A Warning When Ordering Plants by Mail   Leave a comment

This morning I spent a few hours volunteering with the American River Parkway Foundation to pull some of the many red sesbania seedlings that have sprouted in this ideal-condition year. In Sacramento red sesbania (aka scarlett wisteria or rattlebox) is an invasive plant, and several years ago when the American River Parkway was surveyed for invasive plants it was tied for #1 worst invasive that is eradicable (tied with Spanish broom, I think). I started volunteering in 2005 a few times a year in this eradication effort, and it is absolutely awesome seeing the progress. Back then the pond at William Pond Rec Area was completely surrounded by a near monoculture of red sesbania all around the banks and on the islands, whereas now it’s a beautiful mixture of plants, many of which are native, with some red sesbania hot spots and a seed bank that will take many years to eliminate.

I often forget that not everyone knows what an invasive species is. The brief definition is that it is any species that is not native to a region, and that disrupts the native ecosystem after it is introduced. Think pigs and goats that were introduced by settlers on many islands (like Hawaii) that went feral and have decimated native bird populations or eliminated some native plant species. Or think zebra mussels in the Great Lakes that cause damage to boats and block up water treatment plant intakes. Or think the water hyacinth that is so popular in aquariums but that is clogging parts of the Sacramento-San Joaquin River Delta. Or salt cedar along the Rio Grande, or buckthorn in Michigan… Plants that are considered invasive often outcompete the natives by sprouting more seedlings, or sprouting earlier in the year, or just not having any natural predators that eat them and keep them in check. That can result in monocultures where there are large areas filled with only one plant. Plant monocultures can reduce animal diversity as well if some of the native animals cannot eat or make shelter from that particular plant.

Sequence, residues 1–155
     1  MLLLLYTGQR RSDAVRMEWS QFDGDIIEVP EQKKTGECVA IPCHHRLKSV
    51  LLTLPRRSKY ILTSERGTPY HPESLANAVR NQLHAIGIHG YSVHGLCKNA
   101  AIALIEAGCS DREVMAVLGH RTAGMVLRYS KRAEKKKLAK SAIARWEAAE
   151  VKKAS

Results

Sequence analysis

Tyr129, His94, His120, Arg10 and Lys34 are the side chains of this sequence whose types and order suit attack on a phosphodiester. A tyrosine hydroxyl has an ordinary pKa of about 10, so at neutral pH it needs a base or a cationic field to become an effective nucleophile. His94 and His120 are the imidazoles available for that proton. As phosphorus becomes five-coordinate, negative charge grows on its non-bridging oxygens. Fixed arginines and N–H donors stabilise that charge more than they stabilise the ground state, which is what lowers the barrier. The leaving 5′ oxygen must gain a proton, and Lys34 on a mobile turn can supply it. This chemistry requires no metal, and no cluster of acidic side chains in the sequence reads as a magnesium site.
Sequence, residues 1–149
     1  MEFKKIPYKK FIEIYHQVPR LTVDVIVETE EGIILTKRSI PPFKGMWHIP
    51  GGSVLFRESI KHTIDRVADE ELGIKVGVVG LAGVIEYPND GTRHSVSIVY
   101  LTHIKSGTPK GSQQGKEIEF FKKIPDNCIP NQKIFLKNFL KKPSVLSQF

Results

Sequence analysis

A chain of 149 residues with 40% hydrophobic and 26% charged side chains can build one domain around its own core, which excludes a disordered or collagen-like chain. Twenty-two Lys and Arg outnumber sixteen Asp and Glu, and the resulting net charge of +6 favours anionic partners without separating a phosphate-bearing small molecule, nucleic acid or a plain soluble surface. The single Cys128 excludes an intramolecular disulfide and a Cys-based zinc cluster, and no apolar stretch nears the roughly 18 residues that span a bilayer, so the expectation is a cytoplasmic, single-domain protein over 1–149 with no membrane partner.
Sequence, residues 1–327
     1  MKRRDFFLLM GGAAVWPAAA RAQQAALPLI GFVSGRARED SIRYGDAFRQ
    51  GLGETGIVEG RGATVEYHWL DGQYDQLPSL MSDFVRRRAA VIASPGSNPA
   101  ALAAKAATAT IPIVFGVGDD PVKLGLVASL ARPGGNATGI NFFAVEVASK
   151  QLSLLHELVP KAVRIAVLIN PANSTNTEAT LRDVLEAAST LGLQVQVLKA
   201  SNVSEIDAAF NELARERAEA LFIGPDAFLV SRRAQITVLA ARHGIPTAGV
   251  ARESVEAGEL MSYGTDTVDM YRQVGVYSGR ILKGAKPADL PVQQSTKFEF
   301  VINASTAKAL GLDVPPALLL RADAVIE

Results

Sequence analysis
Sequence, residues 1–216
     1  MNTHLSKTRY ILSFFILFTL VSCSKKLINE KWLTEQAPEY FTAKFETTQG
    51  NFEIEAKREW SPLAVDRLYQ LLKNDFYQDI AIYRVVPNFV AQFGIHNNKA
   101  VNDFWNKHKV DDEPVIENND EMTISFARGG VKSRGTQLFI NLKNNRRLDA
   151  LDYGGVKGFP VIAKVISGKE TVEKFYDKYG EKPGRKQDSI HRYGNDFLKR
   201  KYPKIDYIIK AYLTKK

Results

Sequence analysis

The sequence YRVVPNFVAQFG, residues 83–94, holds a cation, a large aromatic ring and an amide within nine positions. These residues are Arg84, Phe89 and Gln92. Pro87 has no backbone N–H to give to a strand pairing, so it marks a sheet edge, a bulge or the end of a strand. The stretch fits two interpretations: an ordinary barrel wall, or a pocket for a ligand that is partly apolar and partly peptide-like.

Today I learned that while nurseries in Sacramento no longer sell red sesbania, people order it online to plant in their gardens. (It is considered a “pretty” plant.) With the exception of seeds for vegetable gardens, I didn’t know it was particularly common to buy plants online. That makes the education effort almost impossible! It is hard enough to get nurseries to stop selling these plants, but if people can and do bypass the nurseries and buy online without checking if a plant is a problem, then many species may never be eradicated or even reduced to non-problem status. Remember that these plants (and animals) live in balance in their native ecosystems, and in many other parts of the world they will also be kept in check naturally; it is just in some regions where they become invasive. So I do my part here to encourage anyone/everyone to become familiar with the names of some major invasive species in their localities, and to check before buying something that it is not a problem plant. It can take some searching to find an up-to-date list, but it seems that many master gardener programs have a link that eventually leads to information on species invasive to that state or you could just do a web search. In California the California Invasive Plant Counsel provides a very detailed inventory.


Posted August 13, 2011 by mayakey in advocacy, environment

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